Physicians Offer Exceptional Health Care and Allay Fears During Medical Crisis
Doctors get a bad rap. Sure, no one likes to go to the physician's office to be poked or prodded, but when our bodies betray us, sometimes we're left with no choice.
Yesterday, I woke up feeling fine, albeit a little tired. But these days, who doesn't? I had my coffee, tossed back my vitamins, and grabbed a breakfast sandwich as I headed off to work.
But then I noticed that it felt awkward to breathe. As I sat at my desk and prepared for my day, suddenly my neck and shoulders seized up, and I felt nausea building. Sweat poured off me as if I had just run a marathon until my shirt was soaked and I was dizzily tried to get myself to the doctor.
Thankfully Rebecca, a coworker, wouldn't let me drive and took me to the clinic where I had made an appointment. When she realized it was a chiropractor's office, she knew I was in the wrong place! "This isn't something a chiropractor can fix," she protested.
Rebecca bundled me into her car again and rushed me to the ER where the triage unit checked all my vitals, then put me in a room and hooked me up to machines that monitored my blood pressure, heart rate and breathing.
While I waited for my wife and family to arrive, Rebecca squeezed my hand and we tried to talk about anything else just so I wouldn't get too paranoid about what was happening. But the pain became sharper, my breathing more labored, and all I could think was that I was too young for this to happen to me.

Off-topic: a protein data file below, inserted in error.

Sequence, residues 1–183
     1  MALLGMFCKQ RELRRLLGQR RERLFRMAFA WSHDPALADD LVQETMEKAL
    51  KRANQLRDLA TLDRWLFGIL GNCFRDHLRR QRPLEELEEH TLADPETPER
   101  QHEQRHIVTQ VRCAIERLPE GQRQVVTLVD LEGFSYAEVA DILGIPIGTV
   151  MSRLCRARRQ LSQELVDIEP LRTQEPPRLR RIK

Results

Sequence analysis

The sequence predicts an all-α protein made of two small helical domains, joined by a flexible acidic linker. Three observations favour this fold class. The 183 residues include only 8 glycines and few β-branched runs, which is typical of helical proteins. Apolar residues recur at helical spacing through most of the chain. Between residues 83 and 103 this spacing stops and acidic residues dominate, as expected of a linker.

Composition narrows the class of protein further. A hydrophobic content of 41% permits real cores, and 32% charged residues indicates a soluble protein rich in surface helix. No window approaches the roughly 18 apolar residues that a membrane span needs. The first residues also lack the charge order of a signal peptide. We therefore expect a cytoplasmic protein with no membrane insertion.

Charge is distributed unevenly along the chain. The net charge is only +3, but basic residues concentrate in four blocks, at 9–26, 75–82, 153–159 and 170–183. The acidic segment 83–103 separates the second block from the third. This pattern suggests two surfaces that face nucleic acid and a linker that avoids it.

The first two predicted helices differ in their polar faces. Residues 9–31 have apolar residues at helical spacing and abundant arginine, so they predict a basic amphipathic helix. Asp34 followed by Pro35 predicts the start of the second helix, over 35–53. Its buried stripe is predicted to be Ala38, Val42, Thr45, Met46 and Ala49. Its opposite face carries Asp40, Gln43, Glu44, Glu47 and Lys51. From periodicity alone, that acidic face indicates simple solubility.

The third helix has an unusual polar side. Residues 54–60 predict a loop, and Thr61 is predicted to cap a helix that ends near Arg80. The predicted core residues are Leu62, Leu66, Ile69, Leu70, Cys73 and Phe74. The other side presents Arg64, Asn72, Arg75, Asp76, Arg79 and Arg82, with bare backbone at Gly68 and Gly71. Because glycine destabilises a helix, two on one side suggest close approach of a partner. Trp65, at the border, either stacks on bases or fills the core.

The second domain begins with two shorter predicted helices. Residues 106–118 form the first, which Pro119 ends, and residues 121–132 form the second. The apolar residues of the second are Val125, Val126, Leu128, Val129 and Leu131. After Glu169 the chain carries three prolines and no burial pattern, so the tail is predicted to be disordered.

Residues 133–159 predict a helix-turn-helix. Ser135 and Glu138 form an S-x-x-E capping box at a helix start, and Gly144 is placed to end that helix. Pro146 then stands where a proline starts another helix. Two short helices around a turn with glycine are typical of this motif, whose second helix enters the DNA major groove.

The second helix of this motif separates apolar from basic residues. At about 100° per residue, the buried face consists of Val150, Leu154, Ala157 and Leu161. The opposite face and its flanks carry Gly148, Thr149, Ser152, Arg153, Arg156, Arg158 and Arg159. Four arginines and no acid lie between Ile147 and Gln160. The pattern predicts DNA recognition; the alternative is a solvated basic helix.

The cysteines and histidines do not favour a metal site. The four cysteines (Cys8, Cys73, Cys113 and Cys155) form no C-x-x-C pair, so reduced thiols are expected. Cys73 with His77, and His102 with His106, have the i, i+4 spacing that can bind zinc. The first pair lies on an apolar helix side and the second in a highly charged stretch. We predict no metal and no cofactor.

Fortunately, I didn't see a bright light at the end of a tunnel or watch my life flash before my eyes. Yet I did know that I had far too many things that I wanted to accomplish in life like have kids, publish my novel or travel the world with my wife. Through it all though, I tried not to cry, yet I was terrified that I'd never get the chance to accomplish any of those things.
The faces in the room changed as my family arrived and Rebecca left. I clung to their hands as I felt my anxiety continue to rise.
When doctor Shanna Spence came in the room, however, she was calm and explained that my vitals looked good, but she wanted to run some tests because the symptoms were similar to a heart attack, but it could be a blood clot or something else.
Technicians took X-rays and ran blood work, but in the end it was a breathing treatment and medicinal cocktail that finally brought everything back into balance. My diaphragm had seized up and it had embodied many of the same symptoms as a heart attack. Thankfully the medical team could tell the difference. But after treatment, I could breathe easier and my body finally relaxed.
The lesson I learned in all this and which I want to share with you, however, is that I didn't need to fear the hospital room or the people in the scrubs or behind the surgical masks. Of all the people I encountered at CHRISTUS St. Michael Hospital yesterday, each of them had kind eyes and gentle hands. Even when they poked me with needles to draw my blood, it was done with tenderness and the utmost care.
No, there is nothing to fear in the hospital. What we do tend to fear is our own mortality. So while we all strive to live our lives to the full, let us remember how important it is to take care of self, get regular checkups and be proactive about managing our own health, rather than letting it manage us.
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